A few years ago, fire departments across the United States responded to more than 36 million calls and put out over 1 million fires (nfpa.org). But that’s what they signed up for. That’s why they exist.
When a fireman goes to work, he knows that he’ll spend most of his shift being called upon to put out fires.
But you’re not a firefighter. You’re a youth pastor.
And yet, several times every week you find yourself putting out fires (figuratively speaking, of course). Sometimes those fires happen in church members’ lives. Other times they happen in your own family. Either way, they’re unexpected and typically inconvenient.
The case of the forgotten bag
My daughter looked at me with panic in her eyes. I was dropping my kids off at school and she’d taken one step out of the car.
“What’s wrong?” I asked.
“I forgot my cheerleading bag,” she said.
She’s a cheerleader at the school and there was a football game that afternoon. She had to have that bag because her uniform was in that bag.
We live almost 30 minutes away from the school, so I grimaced, knowing that I was about to lose the next hour and a half by driving home to get the bag, then back to the school and back home again. I hadn’t planned on that.
I’m sure you know the feeling.
What if there was a way to plan for the chaos that inevitably interrupts our day?
Well, there is.
Even though I hadn’t planned on this exact interruption, my entire day wasn’t thrown off by it. That’s not because I have nothing to do; I have several projects that I working on right now. The secret is a productivity trick that I learned from Sean D’Souza called Chaos Planning.
Sean is an internet marketer who takes a full three months off every year and still produces more content, courses, and workshops than many other people in the business who work all year long without any vacation.
What is Chaos Planning?
Chaos Planning begins with an acknowledgment that chaos happens. Like it or not, chaos will force its way into your life. It seems to happen more when you’re a parent, but no one is immune to chaos.
Things break, emergencies happen, and issues need to be dealt with. These are the fires that show up and need to be put out. Sometimes, though, the chaos comes from something good, like when you find out that old friend is in town and he asks if you can meet up for a cup of coffee. Whatever the case, good or bad, these things bring chaos into your calendar. But when you plan for chaos, you keep it from derailing your day.
How can you plan for chaos?
Planning for chaos seems like a contradiction. By definition, isn’t chaos random? Well, yes. But here’s the secret: you plan for chaos by structuring your day to include time for unstructured interruptions, unexpected opportunities, or unfinished projects.
What does that mean?
On your schedule, you should include two hours per day of unstructured time. Don’t schedule appointments with anyone ahead of time for that block of time. Don’t commit to doing anything in particular during that block of time. Leave it open. Or, more specifically, schedule that time to work on the things that the chaos kept you from working on at a different time.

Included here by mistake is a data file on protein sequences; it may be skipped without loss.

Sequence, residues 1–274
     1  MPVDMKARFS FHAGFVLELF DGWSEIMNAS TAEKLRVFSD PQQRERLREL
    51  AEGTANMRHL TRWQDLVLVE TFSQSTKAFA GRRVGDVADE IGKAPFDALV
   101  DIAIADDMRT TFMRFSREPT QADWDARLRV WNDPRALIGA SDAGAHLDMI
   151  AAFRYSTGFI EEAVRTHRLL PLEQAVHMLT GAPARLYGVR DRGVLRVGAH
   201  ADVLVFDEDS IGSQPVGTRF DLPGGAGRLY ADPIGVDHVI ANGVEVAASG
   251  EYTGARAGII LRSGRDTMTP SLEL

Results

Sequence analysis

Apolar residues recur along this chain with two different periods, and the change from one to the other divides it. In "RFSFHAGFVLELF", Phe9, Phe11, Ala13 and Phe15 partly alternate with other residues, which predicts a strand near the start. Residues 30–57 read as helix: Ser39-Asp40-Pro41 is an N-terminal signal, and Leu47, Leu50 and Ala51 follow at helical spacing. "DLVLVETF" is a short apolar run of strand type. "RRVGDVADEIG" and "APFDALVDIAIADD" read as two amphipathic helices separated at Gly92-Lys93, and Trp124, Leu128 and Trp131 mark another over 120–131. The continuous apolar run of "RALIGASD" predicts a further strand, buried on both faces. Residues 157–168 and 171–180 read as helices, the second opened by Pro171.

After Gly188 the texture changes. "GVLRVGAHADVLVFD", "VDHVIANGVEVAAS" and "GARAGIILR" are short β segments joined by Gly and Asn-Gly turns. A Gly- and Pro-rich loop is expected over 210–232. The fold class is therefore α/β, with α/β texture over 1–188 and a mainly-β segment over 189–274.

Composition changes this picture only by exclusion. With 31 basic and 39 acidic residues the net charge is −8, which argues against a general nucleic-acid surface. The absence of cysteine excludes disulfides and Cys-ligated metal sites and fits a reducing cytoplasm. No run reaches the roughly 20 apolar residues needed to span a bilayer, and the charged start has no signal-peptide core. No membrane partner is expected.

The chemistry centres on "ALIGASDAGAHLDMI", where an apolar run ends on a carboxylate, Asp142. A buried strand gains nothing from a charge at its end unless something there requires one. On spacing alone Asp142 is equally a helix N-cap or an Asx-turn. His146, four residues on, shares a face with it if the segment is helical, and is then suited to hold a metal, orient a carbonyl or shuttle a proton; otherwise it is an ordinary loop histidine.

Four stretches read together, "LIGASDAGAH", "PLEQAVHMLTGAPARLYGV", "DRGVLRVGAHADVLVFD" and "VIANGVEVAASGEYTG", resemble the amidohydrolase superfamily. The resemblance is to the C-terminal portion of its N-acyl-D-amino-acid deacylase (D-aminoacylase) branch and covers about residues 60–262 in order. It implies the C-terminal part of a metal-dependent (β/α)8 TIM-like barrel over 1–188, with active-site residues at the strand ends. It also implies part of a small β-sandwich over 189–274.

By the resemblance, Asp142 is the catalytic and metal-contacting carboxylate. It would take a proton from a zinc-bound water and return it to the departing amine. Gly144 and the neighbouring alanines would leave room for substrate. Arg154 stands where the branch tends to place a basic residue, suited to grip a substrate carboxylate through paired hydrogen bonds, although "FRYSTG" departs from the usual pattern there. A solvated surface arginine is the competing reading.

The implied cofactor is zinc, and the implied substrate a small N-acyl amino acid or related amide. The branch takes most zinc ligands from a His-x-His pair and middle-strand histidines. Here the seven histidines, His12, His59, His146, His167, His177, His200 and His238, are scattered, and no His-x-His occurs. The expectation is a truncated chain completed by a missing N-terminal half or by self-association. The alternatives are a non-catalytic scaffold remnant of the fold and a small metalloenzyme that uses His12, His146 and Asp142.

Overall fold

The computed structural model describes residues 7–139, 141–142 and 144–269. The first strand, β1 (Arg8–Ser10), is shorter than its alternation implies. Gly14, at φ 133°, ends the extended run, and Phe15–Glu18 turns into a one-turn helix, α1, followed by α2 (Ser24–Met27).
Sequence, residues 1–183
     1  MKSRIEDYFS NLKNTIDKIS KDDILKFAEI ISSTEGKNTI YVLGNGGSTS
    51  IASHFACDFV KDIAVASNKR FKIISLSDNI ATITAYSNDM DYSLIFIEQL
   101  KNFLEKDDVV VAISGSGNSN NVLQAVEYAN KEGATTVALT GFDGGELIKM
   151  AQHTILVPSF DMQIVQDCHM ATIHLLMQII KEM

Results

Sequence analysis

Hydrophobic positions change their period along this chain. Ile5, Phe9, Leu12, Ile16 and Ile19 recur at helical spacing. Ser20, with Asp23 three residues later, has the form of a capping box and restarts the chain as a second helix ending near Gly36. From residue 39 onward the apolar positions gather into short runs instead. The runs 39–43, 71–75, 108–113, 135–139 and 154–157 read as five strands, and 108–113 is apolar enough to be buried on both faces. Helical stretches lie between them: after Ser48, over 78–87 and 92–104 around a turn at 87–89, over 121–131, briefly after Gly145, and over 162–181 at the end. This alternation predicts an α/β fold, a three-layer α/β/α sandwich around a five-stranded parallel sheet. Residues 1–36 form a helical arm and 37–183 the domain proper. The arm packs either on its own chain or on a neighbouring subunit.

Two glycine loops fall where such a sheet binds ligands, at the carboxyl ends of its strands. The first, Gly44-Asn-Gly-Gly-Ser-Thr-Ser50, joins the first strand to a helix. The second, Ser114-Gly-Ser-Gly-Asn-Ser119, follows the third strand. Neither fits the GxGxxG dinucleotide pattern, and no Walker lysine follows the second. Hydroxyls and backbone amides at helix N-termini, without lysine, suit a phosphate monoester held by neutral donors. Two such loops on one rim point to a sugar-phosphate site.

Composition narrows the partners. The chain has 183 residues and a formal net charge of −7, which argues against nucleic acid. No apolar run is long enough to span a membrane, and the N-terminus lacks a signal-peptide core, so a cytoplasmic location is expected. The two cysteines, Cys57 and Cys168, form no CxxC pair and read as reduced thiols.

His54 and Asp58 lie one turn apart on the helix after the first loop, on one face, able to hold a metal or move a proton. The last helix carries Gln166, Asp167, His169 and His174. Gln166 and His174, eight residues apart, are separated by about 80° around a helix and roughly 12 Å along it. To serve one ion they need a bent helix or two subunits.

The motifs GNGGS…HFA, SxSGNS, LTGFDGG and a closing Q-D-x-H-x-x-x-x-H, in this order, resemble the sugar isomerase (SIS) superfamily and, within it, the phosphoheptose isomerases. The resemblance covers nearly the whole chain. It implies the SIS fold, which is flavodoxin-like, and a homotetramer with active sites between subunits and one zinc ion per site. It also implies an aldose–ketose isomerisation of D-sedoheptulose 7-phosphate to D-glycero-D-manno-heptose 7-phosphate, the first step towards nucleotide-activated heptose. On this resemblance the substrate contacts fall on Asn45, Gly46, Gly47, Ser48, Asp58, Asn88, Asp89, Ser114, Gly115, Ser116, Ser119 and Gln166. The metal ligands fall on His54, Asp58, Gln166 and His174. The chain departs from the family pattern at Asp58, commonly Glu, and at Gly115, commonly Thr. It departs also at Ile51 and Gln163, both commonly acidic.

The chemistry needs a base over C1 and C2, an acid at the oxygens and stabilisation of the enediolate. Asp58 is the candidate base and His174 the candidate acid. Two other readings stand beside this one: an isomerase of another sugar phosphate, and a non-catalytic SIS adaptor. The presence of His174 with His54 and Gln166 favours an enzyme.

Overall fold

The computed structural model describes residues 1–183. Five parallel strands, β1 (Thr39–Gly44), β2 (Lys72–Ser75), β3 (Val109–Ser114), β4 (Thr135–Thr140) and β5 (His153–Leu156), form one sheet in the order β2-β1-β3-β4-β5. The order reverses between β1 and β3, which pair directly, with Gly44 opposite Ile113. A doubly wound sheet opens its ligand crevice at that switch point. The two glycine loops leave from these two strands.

Scheduling for chaos is like that drawer in your kitchen where you keep random, miscellaneous things that you don’t know where else to put. It’s a hodge-podge of stuff that you think you’ll need at some point, but you don’t exactly want it to be left out on the counter in the meantime.
That drawer is a catch-all space. And that’s exactly what your block of chaos time is. It’s there for you in case your best-laid plans get turned upside down earlier in the day.
What if there’s no chaos?
Sometimes you’ll have ideal days that are chaos-free. When those days come, you should be happy. You’ll have two extra hours on your calendar to work at a leisurely, relaxed pace.
You might read a book that you’ve been meaning to read.
You might organize the files on your computer.
You might spend a few extra minutes thinking about how you can make your next sermon more memorable or the next program more engaging.
You might spend some time praying for your students.
You might call another youth pastor in town to encourage them.
You might plan a date night with your spouse.
You might go for a walk and collect your thoughts.
The possibilities are endless, but the important thing is that you won’t be stressed. It’s amazing how well we can work when we aren’t stressed.
How do you deal with chaos when it shows up in your day? I would encourage you to plan for chaos instead of being frustrated by it. Accept the fact that interruptions will happen. Acknowledge that what you’re working on might take longer than you thought it would. Don’t let those things get you stressed out and frustrated. Instead, plan for those things by building space into your schedule ahead of time.
This way of approaching your day is a healthy antidote to the frantic way so many people presently operate. When you pack your schedule with back-to-back meetings and tasks, you’re setting yourself up for more stress because life doesn’t actually work that way.
Life is full of chaos, and life in ministry is no exception. But when you plan for chaos, it won’t ruin your day when it shows up.
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